Panel Focuses on Help for Army Families

Panel Focuses on Help for Army Families

Family panel at AUSA Warfighter
Photo by: AUSA/Jared Lieberher

Strong connections and robust quality-of-life programs are critical to the Army’s efforts to ensure soldiers and their families are taken care of, a panel of experts said during the Association of the U.S. Army’s inaugural Warfighter Summit and Exposition.

Speaking July 27 on the first day of the two-day event near Fort Bragg, North Carolina, the panelists emphasized the importance of building a strong community to help Army families navigate the stressors of military life.

“Our warfighters are more effective and can focus on the mission if he or she knows everything at home is fine,” said Holly Dailey, AUSA’s director of Family Readiness, in her opening remarks. 

Having an “immediate support system” is important for Army families to thrive, wherever they are stationed, she said, adding that the COVID-19 pandemic introduced new ways of making and sustaining connections virtually.

‘As long as those connections are made, our families are not alone,” Dailey said.

Tawni Dixon, an Army spouse whose family was named AUSA’s 2021 Volunteer Family of the Year, said she learned very quickly how to build her community, especially as her husband deployed frequently. 

“I cannot stress the importance of getting to know your community and knowing the resources available,” she said.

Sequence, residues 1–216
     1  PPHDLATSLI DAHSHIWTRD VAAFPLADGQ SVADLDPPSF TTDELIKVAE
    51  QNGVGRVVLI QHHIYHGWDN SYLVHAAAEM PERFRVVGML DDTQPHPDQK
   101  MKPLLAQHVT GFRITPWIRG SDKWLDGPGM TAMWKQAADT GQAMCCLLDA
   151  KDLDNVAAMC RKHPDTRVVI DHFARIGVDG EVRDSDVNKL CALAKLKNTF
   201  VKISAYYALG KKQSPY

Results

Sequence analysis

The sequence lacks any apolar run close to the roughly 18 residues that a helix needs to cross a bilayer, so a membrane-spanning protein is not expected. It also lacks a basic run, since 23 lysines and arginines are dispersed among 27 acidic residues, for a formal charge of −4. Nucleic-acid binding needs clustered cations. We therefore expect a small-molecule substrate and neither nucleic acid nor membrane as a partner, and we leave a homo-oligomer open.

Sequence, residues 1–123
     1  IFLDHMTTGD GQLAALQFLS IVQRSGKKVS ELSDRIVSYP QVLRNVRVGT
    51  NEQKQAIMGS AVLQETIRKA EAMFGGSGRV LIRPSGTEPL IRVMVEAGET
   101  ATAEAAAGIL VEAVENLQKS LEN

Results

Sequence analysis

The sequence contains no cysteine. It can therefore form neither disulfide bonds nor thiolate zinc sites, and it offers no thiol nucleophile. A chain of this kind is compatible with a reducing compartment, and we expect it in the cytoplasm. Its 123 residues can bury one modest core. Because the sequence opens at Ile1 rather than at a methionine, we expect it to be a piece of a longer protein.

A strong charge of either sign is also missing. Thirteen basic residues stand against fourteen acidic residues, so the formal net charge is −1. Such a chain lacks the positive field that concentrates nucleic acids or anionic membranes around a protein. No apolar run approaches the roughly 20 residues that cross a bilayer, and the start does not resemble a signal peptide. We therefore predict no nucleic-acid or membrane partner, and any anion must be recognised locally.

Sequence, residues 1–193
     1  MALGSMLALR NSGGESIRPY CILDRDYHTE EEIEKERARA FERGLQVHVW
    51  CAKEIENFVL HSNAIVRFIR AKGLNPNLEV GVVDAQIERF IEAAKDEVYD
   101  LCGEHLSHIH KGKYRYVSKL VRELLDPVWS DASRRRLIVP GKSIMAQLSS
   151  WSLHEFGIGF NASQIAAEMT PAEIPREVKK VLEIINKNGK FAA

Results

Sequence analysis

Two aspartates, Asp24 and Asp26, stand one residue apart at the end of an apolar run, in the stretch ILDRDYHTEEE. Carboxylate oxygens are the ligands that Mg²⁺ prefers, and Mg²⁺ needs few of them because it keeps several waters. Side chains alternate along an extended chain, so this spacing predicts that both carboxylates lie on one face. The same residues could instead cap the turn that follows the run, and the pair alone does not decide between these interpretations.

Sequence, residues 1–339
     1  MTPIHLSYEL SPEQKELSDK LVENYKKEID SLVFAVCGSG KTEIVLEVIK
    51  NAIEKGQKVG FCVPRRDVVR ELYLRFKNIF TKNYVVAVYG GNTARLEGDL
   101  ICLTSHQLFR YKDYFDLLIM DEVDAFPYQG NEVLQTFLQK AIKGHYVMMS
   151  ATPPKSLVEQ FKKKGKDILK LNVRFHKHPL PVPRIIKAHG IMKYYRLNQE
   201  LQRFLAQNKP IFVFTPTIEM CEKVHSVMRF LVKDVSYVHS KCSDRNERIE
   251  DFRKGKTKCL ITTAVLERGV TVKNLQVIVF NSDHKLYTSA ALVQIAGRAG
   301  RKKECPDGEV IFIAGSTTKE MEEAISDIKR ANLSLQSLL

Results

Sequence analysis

Army leaders—from the most senior leaders to those at the installations—are focused on making sure soldiers and their families are taken care of, said Maj. Gen. Walter Duzzny, chief of staff for Army Materiel Command.

From improving permanent change-of-station moves to providing safe housing and high-quality, accessible child care, the Army continues to work to make sure soldiers feel confident their families are well cared for while they’re away from home, Duzzny said.

“We owe it to them … so they can fully focus on their mission,” he said.

Several initiatives are already yielding improvements for families, Duzzny said.

One key area is PCS moves, which are stressful for families, he said. 

The Army had “really tough seasons” in the past two or three years, Duzzny said. In response, the service implemented several initiatives to try to provide smoother, more efficient moves, he said.

This includes standards-based quality assurance inspections of all household goods shipments before they’re moved, and a streamlined and simplified claims process for furniture that’s damaged during a move, he said.

The Army also continues to invest in safe, healthy housing, Duzzny said. The service has almost 10,000 Army-owned homes, more than 2,000 barracks and more than 87,000 houses managed by privatized housing companies.

Plans call for 2,700 new homes and 15,000 renovated homes by fiscal year 2025, Duzzny said, and billions of dollars in barracks improvements.

Work is also underway to make it easier for spouses to find work or to apply to run a home-based business, he said.

“Senior Army leadership is fully engaged on this,” Duzzny said about overall quality-of-life improvements. “The investment over time is massive, but it’s going to take time, focus and effort.”